By Chris Gore | December 10, 2001

This film has not yet been reviewed. Check back later for the complete review here on Synopsis: It’s impossible to overstate the significance of John Cassavetes’s Shadows, which appeared in America the same year Godard made Breathless in Paris. In Cassavetes’s inventive and iconoclastic hands, both the content and form of American film underwent a radical transformation. Like his films to follow, Shadows fuses seemingly random, slice-of-life incidents and conversations with a gritty, in-your-face documentary shooting style that captures New York City’s many moods and looks. The meaning of the film emerges from the interaction of a closely knit group of people trying to chart a course through the ever-shifting, anonymous, modern urban landscape.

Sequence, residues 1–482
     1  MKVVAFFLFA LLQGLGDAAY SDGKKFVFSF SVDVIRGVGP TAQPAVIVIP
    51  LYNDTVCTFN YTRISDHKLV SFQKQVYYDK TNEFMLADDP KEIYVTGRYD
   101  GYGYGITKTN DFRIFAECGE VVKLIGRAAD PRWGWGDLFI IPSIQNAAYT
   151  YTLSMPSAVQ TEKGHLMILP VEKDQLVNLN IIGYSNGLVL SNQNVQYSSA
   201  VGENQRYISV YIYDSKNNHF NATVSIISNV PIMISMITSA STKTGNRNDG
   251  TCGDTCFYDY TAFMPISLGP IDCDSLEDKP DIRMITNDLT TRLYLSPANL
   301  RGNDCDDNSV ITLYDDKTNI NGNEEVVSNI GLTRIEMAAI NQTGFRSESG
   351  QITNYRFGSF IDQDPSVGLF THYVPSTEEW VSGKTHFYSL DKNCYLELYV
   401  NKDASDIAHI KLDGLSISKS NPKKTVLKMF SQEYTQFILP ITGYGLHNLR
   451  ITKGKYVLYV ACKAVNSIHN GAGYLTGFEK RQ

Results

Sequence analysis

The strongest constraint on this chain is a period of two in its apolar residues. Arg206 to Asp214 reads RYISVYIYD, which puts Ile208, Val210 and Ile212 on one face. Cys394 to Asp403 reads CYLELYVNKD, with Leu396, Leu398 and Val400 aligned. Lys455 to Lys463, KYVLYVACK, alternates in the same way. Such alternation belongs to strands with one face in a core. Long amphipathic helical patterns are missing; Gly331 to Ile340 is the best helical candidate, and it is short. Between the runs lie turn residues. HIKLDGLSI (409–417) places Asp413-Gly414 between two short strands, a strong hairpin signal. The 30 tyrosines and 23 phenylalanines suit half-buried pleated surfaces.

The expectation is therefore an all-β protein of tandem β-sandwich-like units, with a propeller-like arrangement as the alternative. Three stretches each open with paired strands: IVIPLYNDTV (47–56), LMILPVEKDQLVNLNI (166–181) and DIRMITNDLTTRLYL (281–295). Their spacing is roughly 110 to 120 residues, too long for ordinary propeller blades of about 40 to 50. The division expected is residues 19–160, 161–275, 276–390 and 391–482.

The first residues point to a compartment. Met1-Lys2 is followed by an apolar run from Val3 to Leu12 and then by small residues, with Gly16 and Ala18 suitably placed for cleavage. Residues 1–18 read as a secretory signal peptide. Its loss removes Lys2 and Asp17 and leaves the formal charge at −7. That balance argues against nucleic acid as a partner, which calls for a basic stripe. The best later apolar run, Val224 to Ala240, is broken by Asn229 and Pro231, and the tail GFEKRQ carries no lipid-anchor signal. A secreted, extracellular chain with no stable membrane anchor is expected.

At the center of Shadows are three black siblings: Hugh, Benny, and Lelia. Benny and Lelia have light complexions and often pass for white, but ironically this only makes their lives more complicated. When Lelia falls in love with Tony, who is white, he seduces and then rejects her, but her relationship with David, an attractive black man, is equally ambivalent. Meanwhile, Hugh is attempting to fashion a career as a singer, and Benny aspires to become a musician, although he spends most of his time prowling the city with his white buddies.

The characters, dialogue, and most of the situations are based on improvisations created in Cassavetes’s acting classes. The low-key, natural performances are dramatically offset by the mercurial and incandescent Lelia Goldoni, the emotional heart of the film.

The UCLA Film and Television Archive has meticulously restored the film from the original negative, which was so badly disintegrated that some sections had to be pulled from a dupe. The soundtrack has been carefully cleaned digitally to make the dialogue clearer without compromising the film’s inherent street feel.

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